Tendonosis is characterized by an increase in collagen type III relative to collagen type I, but the precise ratio of collagen type I to collagen type III in pathologic shoulder tendons has not been reported. A tendon continuously bathed in an OA synovial environment may exhibit histomorphologic differences as compared to those from shoulders with a preserved articular surface. The purpose of this study was to evaluate the biochemical and histological differences in the proximal portion of the long head of the biceps tendon (LHBT) from a non-arthritic versus an arthritic glenohumeral joint. Sixteen patients undergoing shoulder surgery were prospectively enrolled in the study. Group-1 consisted of patients with glenohumeral OA and Group-2 consisted of patients without OA. The LHBT was tenodesed and excised tendon was fixed, embedded, sectioned (5 µm), deparaffinized, and used for histology (H&E and Masson trichrome staining) and immunofluorescence analysis to determine levels of collagen III, MMP-1, MMP-9, TIMP-1, and TIMP-2. Compared to the patients without arthritis, group-1 exhibited significant inflammation with extracellular matrix disorganization and significantly higher (P < 0.05) collagen III, MMP-2, and MMP-9 levels. No considerable difference in collagen I was observed between the two groups. TIMP-1 and TIMP-2 were completely absent in both the groups. The level of collagen subtypes varied markedly between LHBT tendons from patients with and without OA. Increased collagen III in the LHBT is associated with glenohumeral arthritis. Measuring collagen type in the LHBT may serve as a useful metric in the diagnosis and treatment of musculoskeletal pathology.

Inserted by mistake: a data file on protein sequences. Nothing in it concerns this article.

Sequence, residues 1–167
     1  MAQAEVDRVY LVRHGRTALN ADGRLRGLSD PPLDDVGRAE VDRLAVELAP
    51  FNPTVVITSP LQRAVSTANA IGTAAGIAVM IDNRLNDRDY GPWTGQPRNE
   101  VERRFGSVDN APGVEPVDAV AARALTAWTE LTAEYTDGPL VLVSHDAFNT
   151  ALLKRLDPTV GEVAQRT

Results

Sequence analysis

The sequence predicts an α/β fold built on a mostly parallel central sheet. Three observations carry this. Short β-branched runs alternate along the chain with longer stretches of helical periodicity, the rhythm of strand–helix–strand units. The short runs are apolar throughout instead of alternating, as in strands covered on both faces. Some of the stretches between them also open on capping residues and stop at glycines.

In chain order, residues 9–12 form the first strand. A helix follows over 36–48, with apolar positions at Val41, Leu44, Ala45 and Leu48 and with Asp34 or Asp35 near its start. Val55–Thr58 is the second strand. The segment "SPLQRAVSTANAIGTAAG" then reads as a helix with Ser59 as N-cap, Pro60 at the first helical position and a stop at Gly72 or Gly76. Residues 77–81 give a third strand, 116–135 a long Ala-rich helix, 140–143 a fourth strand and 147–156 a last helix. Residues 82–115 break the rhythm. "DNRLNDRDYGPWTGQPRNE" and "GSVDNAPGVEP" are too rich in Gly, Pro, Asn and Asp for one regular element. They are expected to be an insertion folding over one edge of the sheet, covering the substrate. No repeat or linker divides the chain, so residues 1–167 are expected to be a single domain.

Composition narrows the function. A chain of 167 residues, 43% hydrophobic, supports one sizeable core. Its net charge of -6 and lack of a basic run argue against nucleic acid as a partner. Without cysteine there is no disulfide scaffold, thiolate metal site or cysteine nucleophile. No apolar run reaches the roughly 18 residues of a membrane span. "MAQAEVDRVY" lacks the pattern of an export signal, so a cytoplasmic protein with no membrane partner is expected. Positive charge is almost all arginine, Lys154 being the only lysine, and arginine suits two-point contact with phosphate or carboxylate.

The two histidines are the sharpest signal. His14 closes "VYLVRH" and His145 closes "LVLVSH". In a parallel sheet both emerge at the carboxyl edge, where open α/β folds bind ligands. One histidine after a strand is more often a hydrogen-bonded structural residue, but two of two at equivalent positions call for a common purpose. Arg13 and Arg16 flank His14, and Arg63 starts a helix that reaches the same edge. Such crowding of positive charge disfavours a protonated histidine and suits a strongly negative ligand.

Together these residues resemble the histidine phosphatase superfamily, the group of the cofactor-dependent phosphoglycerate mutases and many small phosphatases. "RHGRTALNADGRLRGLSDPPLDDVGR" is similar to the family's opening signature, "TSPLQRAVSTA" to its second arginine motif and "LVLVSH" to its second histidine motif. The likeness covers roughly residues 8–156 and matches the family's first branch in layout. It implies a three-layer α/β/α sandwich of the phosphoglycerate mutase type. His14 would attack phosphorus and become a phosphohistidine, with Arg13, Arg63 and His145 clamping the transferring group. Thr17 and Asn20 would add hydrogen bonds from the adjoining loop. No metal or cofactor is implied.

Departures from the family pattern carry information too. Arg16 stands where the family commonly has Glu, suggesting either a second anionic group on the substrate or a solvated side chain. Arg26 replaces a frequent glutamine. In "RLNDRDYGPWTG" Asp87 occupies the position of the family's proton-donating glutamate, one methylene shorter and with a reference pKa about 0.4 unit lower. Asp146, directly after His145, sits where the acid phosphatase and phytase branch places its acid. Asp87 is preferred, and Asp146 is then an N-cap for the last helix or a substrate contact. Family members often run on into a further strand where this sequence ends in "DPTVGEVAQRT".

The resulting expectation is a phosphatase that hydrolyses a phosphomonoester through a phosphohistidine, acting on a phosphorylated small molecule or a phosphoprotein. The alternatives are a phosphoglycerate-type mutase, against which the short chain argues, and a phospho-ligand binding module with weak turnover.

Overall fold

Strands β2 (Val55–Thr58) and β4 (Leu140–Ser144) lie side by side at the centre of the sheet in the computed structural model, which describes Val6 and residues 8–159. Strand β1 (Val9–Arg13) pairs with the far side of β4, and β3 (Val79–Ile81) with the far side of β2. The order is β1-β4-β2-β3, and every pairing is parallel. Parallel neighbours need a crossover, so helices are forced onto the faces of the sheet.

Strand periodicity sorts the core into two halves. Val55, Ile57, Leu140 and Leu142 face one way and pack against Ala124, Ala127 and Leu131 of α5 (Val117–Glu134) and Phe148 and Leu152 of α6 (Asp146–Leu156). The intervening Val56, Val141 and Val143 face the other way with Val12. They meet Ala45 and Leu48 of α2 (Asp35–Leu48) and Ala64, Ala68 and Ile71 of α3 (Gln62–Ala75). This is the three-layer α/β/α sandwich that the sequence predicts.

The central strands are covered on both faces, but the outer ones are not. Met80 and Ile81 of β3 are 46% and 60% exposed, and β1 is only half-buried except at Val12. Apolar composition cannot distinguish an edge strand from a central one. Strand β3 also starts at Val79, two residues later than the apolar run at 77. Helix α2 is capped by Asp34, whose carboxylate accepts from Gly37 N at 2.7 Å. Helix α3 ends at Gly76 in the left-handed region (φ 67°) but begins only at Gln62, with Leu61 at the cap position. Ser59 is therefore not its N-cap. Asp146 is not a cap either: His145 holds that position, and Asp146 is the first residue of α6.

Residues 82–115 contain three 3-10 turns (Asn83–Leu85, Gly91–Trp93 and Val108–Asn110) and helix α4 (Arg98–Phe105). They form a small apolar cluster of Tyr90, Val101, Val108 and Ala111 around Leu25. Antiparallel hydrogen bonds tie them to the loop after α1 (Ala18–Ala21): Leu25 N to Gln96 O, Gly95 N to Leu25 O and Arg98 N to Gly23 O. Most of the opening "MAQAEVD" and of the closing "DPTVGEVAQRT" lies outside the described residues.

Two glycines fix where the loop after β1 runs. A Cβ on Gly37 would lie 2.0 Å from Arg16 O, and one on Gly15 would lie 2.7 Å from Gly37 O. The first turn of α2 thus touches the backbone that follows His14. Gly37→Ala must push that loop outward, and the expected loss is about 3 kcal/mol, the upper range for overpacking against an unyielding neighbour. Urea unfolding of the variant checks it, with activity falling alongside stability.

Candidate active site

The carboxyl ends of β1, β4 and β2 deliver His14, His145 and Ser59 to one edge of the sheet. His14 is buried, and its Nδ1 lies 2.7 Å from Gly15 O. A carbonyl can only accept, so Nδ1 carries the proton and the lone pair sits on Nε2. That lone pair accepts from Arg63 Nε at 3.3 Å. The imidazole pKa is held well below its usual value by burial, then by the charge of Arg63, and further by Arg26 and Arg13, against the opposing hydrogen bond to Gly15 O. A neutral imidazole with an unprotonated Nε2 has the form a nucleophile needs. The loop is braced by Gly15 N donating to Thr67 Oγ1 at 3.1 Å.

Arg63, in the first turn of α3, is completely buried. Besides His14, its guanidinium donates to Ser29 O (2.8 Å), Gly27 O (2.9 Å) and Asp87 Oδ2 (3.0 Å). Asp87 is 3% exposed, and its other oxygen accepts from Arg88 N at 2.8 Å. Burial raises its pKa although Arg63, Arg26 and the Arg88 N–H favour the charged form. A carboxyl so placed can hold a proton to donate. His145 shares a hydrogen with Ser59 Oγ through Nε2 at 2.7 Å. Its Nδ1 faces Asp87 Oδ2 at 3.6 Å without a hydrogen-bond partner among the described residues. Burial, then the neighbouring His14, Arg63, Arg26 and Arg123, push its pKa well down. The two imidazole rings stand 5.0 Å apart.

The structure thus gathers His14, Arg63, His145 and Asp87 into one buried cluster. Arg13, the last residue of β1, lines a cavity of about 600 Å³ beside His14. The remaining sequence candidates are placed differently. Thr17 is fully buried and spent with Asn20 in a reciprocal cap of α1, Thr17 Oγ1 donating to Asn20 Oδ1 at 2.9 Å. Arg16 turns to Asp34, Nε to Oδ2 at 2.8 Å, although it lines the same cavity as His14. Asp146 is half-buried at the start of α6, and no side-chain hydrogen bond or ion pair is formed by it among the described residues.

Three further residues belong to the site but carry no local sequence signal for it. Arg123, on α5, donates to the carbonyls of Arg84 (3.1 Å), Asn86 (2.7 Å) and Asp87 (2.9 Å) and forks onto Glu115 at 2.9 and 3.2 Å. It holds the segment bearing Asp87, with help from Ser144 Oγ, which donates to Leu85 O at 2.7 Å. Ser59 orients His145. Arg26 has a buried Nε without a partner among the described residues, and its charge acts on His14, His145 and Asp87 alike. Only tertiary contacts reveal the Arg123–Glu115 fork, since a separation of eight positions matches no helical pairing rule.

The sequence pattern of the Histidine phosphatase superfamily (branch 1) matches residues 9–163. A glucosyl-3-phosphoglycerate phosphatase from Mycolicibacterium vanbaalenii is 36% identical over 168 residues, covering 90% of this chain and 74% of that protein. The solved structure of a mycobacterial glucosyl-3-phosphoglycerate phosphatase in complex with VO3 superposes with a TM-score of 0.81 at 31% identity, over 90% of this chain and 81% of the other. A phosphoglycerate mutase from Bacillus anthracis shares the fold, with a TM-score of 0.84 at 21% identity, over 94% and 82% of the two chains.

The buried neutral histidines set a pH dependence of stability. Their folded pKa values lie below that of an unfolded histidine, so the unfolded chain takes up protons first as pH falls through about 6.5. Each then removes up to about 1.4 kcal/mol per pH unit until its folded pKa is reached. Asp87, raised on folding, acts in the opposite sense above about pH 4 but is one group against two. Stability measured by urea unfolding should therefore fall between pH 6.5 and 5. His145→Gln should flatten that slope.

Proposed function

All Science Journal Classification (ASJC) codes
- Molecular Biology
- Clinical Biochemistry
- Cell Biology